When I found this story from the Oregonian, it was accompanied by several comments about clowns. After reading it, I'm sure you'll understand why...
Legislature's silliest bills up for debate
by Michelle Cole, The Oregonian
SALEM --First, there is an idea. Lawyers draft it into a bill, and that comes before the Oregon House or Senate.
And then, the reaction:
Huh? They want to do what?
Sometimes, even a bill's sponsor will admit it's silly. This year's example: A proposed sales tax on personal submarines.
And sometimes what sounds wacky at first may make sense.
So let's review some silly and maybe-not-so-silly bills introduced in the 2009 Legislature:
Taxes that tickle
An informal survey of Republicans and Democrats in Salem finds agreement on at least one thing: The proposed bird seed tax may be the dumbest-sounding idea floated this year.
House Bill 3303 would levy a 10 percent excise tax on wholesalers of wild bird seed, including millet, milo, sunflower and thistle seeds.
The bill's sponsor, Rep. Chris Garrett, D-Lake Oswego, says his critics shouldn't get their feathers in a ruffle.
"I knew when I introduced it that it was going to get some giggles," Garrett said. "If people would get over their hang-ups, it's good policy."
The estimated $4.8 million raised by the tax would pay for habitat protection, Garrett says.
What's more, Oregon could secure another $4.8 million in matching grants from the U.S. Fish and Wildlife Service.
Then there's the submarine tax, which Rep. Chip Shields, D-Portland, isn't even trying to defend.
To be fair, House Bill 3146 slaps a "luxury tax" not only on personal submarines, but also on airplanes, cosmetic surgery, fur coats and other items.
"It's a stupid bill," Shields admits, adding that he signed onto the idea in 2005.
Still, Shields says he brought it back to make a point: People want the wealthy to pay their share.
Senate Bill 277 passed the Senate unanimously last week without even a snicker -- or potty joke.
You've seen the signs: "No public restrooms." Well, this bill would require places such as stores and businesses to allow customers with certain medical conditions to use employee toilets "without further delay."
Don't worry about cheaters. A doctor's letter or identification card would be required.
Stating the obvious
Every session, a few bills raise the question: Why does Oregon need to legislate this?
This year, at least two bills fit the description.
Senate Bill 200 establishes a state policy regarding homelessness. It passed the Senate on Monday on a unanimous vote.
The state is broke, so there's no money attached to the bill.
But there is strong language: "Homelessness is a detriment to individuals, families and communities." And the bill directs state and local agencies to work together on homeless issues.
Anna Richter Taylor, communications director for Gov. Ted Kulongoski, said the bill is really a commitment to tackle the problem.
"It brings together local, state and nonprofit organizations to have one coordinated effort," she says.
Senate Bill 193 directs the state Water Resources Department "to develop state water strategy."
Really? Isn't that what the department already does?
Nope. The department's Web site says Oregon is one of only two Western states without a water supply strategy.
Bye bye Fryers
House Bill 2630 would abolish the Oregon Fryer Commission. But don't worry, there will still be an Oregon Tall Fescue Commission, an Oregon Fine Fescue Commission and a list of others.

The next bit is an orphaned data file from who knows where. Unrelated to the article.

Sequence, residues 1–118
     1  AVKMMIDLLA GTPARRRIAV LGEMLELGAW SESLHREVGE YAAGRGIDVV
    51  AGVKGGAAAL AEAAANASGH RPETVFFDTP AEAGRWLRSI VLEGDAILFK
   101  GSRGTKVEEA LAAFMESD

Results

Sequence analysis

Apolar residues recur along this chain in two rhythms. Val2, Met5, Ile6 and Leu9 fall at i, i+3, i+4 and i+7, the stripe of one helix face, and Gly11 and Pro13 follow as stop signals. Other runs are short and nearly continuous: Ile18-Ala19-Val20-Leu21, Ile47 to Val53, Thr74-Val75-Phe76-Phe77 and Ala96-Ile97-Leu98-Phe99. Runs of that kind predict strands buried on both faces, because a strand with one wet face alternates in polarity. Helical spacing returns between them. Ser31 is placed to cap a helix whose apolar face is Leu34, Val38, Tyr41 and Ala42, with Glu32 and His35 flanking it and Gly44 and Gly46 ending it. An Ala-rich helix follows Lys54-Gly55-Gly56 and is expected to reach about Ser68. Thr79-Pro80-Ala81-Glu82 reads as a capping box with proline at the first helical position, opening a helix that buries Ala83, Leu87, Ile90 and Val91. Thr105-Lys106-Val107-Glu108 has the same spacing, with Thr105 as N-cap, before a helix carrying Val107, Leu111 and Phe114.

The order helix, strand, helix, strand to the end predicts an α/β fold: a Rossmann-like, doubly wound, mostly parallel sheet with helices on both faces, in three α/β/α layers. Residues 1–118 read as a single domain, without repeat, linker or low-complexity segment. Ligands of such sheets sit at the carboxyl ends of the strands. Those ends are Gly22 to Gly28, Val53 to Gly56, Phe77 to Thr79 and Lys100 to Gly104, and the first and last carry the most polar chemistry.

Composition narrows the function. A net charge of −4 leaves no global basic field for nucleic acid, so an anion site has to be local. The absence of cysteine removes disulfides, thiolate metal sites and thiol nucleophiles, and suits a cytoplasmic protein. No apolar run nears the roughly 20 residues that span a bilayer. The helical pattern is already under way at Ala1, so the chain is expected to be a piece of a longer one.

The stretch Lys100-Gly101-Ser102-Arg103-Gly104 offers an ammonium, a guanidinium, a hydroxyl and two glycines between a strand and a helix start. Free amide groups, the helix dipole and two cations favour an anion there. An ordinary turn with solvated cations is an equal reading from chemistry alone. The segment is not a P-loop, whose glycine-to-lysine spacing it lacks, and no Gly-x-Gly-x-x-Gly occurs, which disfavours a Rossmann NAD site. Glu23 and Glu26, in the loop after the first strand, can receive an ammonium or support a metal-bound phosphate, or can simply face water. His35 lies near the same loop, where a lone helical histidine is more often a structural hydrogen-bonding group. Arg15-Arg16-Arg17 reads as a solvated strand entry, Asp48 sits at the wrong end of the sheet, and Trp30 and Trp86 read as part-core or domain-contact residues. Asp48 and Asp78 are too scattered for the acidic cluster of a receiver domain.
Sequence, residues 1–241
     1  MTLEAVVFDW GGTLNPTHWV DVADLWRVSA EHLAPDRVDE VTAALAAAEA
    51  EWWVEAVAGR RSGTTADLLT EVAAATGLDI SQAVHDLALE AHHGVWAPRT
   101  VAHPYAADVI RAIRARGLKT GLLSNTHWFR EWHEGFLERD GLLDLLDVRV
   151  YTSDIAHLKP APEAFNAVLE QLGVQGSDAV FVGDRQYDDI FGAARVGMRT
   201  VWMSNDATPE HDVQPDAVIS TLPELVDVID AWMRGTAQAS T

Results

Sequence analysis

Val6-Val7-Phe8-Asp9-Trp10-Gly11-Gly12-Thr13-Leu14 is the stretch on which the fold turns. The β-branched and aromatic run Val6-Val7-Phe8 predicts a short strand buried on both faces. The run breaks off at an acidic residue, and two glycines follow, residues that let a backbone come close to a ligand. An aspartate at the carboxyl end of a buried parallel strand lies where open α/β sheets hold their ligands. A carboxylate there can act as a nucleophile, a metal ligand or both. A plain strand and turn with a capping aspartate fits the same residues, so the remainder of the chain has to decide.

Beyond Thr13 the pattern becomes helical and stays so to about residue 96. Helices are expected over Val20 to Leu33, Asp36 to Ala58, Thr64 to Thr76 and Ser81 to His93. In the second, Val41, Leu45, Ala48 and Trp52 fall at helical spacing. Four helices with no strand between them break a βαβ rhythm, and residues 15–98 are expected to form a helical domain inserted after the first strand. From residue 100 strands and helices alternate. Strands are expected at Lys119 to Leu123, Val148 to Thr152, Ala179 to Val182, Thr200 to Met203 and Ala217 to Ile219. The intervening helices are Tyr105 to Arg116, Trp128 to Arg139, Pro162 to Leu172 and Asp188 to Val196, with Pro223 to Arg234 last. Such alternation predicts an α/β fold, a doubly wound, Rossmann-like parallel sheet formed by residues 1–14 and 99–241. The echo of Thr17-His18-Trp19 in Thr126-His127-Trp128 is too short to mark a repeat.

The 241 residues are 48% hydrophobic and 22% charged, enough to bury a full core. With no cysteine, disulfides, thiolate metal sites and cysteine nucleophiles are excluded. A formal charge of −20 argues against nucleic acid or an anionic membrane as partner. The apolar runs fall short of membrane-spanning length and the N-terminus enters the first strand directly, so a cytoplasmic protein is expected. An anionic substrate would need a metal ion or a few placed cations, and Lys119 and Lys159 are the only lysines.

What's up with the fryers?
It's a sign of a changing Oregon, says Mike Dewey, Fryer Commission lobbyist.
The commission was written into law 50 years ago so growers could tax themselves to promote consumption of chicken, he says.
But now most Oregon growers raise chickens for one of two processors: Draper Valley Farms and Foster Farms. There's no need for marketing money when you have Foster Farms airing national -- and cute -- ad campaigns.
Plus, Dewey says, "chicken to a certain degree sells itself."
Dewey and his partners are serious about the bill but not lacking humor. As part of a food bank fundraiser, they've promised to testify before a Senate committee wearing chicken suits.
Just call it cluck for a buck.
Speaking of cluck
Some bills just sound silly. The title of Senate Bill 622, which passed the Senate on Thursday, describes the legislation as "relating to geese."
Actually, it relates to getting rid of them. It would create a nine-member task force charged with figuring out how to get rid of what Sen. Betsy Johnson, D-Scappoose, described as an "explosive rise in the goose population."
A few senators said Oregon doesn't need a task force.
"We already know what we need to do," said Sen. Jeff Kruse, R-Roseburg. "We need to kill a few of the critters."
The crab lobby
A bill to name the marionberry Oregon's official state berry was squashed by another berry lobby. So who would be brave enough to ask lawmakers to designate the Dungeness crab as the official state crustacean?
That would be Stephanie Buzbee's fourth-grade class at Sunset Primary School in West Linn.
The kids have heard about the berry brouhaha, Buzbee says. But they're pushing ahead with their class project: House Joint Resolution 37.
While studying the states, Buzbee says students learned other states have official crustaceans. Louisiana has the crawfish, Maryland the blue crab.
The class decided nothing says Oregon more than the Dungeness crab, and they persuaded Rep. Scott Bruun, R-West Linn, to introduce a bill.
Four students are coming to Salem next week to testify. Others are working on posters and supporting materials.
Bruun says he has the crabbers lined up and he is hopeful the bill will pass.
"Despite the fact that it's a fun bill and a school project, there is some economic value," he says.
The students are also preparing what they'll say if a competing crustacean surfaces.
"They're going into it with the knowledge that it's not a done deal," Buzbee says.